LRT Cavite line P 2B over budget due to pandemic
MANILA -The cost of the Cavite extension of the Light Rail Transit Line 1 (LRT 1) has increased by at least P2 billion due to delays caused by the pandemic, according to Light Rail Manila Corp. (LRMC), which already spent P30 billion for the first phase of the railway project.
LRMC president and CEO Juan Alfonso, in an interview with reporters on Thursday, said the additional expenses—which were estimated to be as much as P4 billion—could be covered by either government funding or an extension of the 32-year concession agreement.
The railway expansion has a project cost of P64 billion.
As of end-March, the Pangilinan-led company reported 82.7-percent completion in terms of civil works and rail system works for the first phase. It is on track to open by fourth quarter of next year.
“The target this year is to complete all civil and equipment installation works so we can focus on commissioning the entire line by next year,” Alfonso said.
The first segment comprises five stations: Redemptorist, MIA road, Asia World, Ninoy Aquino and Dr. Santos. The second phase consists of Las Piñas Station and Zapote Station while the third and last phase is the Niog Station.
The 11.8-kilometer extension project, which covers major cities such as Quezon City, Caloocan, Manila, Pasay and Parañaque, starts at the Baclaran station of LRT 1. It is designed to cater to up to 800,000 passengers daily.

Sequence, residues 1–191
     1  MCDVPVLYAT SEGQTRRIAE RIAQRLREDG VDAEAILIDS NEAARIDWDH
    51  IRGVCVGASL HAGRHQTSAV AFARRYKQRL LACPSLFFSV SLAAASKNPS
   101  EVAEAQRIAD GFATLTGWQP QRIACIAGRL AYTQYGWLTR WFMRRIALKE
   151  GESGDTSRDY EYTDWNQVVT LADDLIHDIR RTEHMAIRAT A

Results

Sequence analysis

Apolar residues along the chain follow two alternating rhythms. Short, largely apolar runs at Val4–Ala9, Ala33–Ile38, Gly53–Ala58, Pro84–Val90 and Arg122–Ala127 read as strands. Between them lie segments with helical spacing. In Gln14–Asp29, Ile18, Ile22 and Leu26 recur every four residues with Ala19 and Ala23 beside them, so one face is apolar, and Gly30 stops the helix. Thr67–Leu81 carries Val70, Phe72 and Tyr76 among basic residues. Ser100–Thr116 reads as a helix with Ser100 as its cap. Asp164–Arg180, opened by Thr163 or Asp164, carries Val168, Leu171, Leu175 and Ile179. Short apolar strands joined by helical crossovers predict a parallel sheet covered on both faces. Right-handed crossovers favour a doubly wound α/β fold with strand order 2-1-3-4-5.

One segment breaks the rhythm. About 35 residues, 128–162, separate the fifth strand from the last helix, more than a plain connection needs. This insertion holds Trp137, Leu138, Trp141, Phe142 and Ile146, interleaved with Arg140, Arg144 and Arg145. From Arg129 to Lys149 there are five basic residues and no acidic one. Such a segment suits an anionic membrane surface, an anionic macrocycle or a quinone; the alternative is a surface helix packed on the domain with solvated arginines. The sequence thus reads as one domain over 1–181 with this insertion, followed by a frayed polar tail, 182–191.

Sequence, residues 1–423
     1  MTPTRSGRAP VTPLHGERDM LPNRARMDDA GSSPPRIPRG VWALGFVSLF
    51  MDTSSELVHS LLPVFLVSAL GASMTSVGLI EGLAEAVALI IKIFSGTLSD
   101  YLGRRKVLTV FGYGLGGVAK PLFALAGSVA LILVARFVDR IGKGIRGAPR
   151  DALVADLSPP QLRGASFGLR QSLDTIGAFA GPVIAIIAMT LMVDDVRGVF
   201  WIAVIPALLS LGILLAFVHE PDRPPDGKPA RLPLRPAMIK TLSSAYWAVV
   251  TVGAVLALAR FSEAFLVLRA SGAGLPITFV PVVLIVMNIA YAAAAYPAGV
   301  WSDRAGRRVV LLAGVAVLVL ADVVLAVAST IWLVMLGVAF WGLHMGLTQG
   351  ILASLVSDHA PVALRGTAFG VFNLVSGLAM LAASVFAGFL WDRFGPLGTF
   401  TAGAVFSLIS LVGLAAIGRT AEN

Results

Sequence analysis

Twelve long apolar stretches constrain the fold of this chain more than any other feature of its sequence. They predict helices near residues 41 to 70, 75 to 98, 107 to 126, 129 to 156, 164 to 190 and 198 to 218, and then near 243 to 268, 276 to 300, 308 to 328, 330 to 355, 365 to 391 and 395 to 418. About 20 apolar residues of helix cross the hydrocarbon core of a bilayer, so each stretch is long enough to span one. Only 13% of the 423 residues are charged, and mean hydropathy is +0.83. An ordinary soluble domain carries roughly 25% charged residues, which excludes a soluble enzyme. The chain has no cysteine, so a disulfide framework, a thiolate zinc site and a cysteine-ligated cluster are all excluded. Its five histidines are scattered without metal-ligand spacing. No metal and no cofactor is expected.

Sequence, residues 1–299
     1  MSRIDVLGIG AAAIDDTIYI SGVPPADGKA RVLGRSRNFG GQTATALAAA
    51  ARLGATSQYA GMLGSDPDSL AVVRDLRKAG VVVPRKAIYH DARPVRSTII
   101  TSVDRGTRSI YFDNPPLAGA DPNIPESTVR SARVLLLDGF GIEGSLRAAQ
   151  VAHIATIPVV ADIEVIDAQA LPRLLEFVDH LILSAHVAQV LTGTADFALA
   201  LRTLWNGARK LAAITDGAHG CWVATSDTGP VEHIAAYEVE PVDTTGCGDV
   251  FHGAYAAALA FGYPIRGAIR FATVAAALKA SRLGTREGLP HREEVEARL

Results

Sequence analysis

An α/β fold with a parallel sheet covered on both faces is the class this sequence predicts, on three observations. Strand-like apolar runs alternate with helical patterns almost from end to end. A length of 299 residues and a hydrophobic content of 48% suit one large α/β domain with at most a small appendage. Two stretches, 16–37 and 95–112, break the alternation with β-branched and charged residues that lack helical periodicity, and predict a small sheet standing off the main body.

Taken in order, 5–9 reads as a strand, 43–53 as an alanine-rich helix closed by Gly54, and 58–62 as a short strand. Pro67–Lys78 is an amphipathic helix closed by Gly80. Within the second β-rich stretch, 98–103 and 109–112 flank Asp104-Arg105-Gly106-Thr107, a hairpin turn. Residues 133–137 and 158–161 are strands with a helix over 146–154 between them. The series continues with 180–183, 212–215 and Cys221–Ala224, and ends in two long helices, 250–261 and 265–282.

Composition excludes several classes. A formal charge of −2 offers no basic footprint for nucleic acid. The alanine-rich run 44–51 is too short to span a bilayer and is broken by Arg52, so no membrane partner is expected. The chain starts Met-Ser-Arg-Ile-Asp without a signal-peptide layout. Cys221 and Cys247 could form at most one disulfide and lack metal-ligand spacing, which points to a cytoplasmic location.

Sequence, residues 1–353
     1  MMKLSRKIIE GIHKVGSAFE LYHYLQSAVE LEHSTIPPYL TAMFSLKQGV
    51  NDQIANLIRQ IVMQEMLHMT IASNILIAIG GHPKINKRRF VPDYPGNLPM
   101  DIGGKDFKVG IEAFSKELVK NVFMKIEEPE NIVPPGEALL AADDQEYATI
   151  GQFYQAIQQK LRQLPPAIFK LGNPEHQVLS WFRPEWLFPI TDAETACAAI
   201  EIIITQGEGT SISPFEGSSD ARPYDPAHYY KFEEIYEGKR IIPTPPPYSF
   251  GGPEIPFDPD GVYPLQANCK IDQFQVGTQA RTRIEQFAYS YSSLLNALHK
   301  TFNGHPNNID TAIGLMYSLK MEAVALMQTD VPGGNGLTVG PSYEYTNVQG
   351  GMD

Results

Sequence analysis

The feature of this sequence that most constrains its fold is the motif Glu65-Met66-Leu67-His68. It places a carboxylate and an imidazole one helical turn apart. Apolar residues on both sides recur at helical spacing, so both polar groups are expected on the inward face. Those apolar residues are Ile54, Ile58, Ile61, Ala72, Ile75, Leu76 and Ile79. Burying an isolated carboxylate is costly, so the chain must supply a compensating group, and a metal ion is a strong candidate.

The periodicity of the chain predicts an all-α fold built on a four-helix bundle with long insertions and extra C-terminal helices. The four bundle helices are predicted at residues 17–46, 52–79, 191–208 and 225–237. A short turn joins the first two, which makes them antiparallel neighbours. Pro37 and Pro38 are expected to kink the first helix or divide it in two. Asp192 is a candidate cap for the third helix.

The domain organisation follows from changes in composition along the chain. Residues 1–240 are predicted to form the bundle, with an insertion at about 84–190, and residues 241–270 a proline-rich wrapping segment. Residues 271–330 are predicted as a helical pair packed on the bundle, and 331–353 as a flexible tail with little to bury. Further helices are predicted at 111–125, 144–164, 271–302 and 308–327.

Right of way issues
If all the right of way concerns were settled in 2023, the LRMC official said they could finish the rest of the project in three to four years.
Light Rail Transport Authority Administrator Hernando Cabrera said there was still less than 5 percent of the right-of-way requirements in areas from Sucat until Bacoor that have yet to be acquired.
For the extension project, LRT 1 private operator is working with construction company Bouygues Travaux Publics.
The construction works started in September 2019.
“Despite the challenges we have encountered, we remained focused and committed to deliver on our promise of upgrading the commuter experience,” Alfonso said.
Cabrera, meanwhile, recently said that the fourth generation trains bought for LRT 1 were being fixed after the units were found to be unusable due to water leakage issues.
The Department of Transportation previously reported that 80 of the 120 Gen-4 light rail vehicles bought in 2017 from Mitsubishi Construcciones y Auxiliar de Ferrocarriles S.A. were deemed defective.